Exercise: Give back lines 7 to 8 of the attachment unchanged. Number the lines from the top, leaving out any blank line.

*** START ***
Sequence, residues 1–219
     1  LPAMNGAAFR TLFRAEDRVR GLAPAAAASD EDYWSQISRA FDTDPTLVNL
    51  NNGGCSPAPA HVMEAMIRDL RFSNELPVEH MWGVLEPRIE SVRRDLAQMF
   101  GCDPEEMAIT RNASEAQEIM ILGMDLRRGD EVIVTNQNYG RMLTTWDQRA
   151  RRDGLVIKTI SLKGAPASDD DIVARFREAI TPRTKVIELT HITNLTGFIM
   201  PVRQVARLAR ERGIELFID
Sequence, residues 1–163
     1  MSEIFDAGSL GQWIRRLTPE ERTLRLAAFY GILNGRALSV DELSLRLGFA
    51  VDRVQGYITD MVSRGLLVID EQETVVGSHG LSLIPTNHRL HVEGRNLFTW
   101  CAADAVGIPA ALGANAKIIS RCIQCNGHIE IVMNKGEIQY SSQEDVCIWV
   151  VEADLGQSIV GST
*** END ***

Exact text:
Sequence, residues 1–163
     1  MSEIFDAGSL GQWIRRLTPE ERTLRLAAFY GILNGRALSV DELSLRLGFA